Right up until the moment he actually opened one, nobody appeared more qualified to run a Lyon-style bouchon in New York City than Daniel Boulud. Then along came Le Gratin, and it became clear that he wasn’t the right person for the job at all.
Le Gratin, just south of City Hall in the space formerly occupied by Keith McNally’s Augustine, bills itself as a “bouchon Lyonnais” on its website, its menu and its enormous curtained windows. But a visitor from Lyon who walked through the door on Beekman Street might have trouble seeing the connection.
Like bodegas in New York, bouchons are central to the identity of Lyon but are seldom replicated, or even understood, outside it. In “Dirt,” his book about eating and cooking in Lyon, Bill Buford defines a bouchon as “a place you enter to drink and eat, get sweaty, and stand on the table and sing midway through your meal.” Roughly speaking, if restaurants began as stages where French aristocrats could display their refinement, and bistros as places where the bourgeoisie could show off their respectability, the bouchons of Lyons were places for weavers and other silk workers to put their elbows on the table, drink too much cheap wine and stuff themselves with organs and off cuts until it was hard to stand up again.
The open-collared, pleasure-seeking spirit of a bouchon is probably impossible to import unless you also find a way to import a roomful of Lyonnais. Food, though, is easier to reproduce, and few American chefs know the food of Lyon more intimately than Mr. Boulud. He grew up on a farm outside the city, received his early kitchen training in what was one of its leading restaurants and became famous for painstaking, harmonious elaborations on the food of his childhood.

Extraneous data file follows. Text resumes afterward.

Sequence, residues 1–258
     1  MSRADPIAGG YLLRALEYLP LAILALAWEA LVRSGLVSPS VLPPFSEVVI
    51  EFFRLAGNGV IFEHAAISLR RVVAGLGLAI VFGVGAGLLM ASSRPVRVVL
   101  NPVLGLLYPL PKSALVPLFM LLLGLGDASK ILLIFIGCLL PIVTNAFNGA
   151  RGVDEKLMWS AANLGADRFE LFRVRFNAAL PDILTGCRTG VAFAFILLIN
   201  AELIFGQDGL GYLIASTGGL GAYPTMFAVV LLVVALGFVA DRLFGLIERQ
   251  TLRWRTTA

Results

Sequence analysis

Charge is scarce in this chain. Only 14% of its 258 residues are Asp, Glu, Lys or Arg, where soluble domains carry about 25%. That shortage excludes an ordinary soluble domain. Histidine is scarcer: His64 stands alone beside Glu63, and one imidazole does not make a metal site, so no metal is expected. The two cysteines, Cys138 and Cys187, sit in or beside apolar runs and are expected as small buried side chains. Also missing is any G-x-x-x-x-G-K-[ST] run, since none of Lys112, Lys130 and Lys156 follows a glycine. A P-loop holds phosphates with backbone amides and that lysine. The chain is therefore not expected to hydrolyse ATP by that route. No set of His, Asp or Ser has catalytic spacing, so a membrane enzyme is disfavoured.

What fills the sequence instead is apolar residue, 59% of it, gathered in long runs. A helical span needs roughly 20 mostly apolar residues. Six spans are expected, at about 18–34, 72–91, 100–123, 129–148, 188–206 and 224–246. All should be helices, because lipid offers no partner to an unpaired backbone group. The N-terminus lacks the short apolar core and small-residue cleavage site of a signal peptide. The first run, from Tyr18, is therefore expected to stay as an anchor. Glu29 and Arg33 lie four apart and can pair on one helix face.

He and Guillaume Ginther, his executive chef at Le Gratin, could have reproduced and elaborated on the mainstays of bouchon menus: the eggs in red-wine sauce, the kidneys, the pig snouts, the sweetbreads, the Croix-Rousse caviar (stewed lentils named after one of Lyon’s neighborhoods, in a self-mocking reference to the city’s low-budget appetites), maybe even the pan-fried andouillette, an intestine sausage which, thanks to its insistent pig-farm reek, is more polarizing than foie gras.
This is not what they have done. Instead they have produced a raft of French and French-lite dishes that can be found all over Manhattan, although they won’t necessarily be as good as they are at Le Gratin.
Here is your crab salad with avocado and pink grapefruit; your steak tartare “à la Parisienne”; your spaghetti with pesto in the style of Nice; your salmon poached in olive oil with sweet peas; your grilled branzino with caramelized fennel and sauce vierge.
After the intricate, devil-in-the-details fanciness of Le Pavillon, Mr. Boulud’s last restaurant, it is a pleasure to see what he can do with food that is on the whole simpler and more straightforward. Apart from its habit of overcooking fish, the kitchen has a solid grip on technique. The terrines, pâtés and rillettes could form the curriculum of a course in charcuterie. Most of the flavor combinations have been around for ages, but Le Gratin still manages to sharpen and fine-tune them, one of the hallmarks of Mr. Boulud’s work. Saffron perfumes the cream at the bottom of a bowl of fat mussels; the sauce on slabs of duck breast, juicy and rose-red, buzzes with green peppercorns.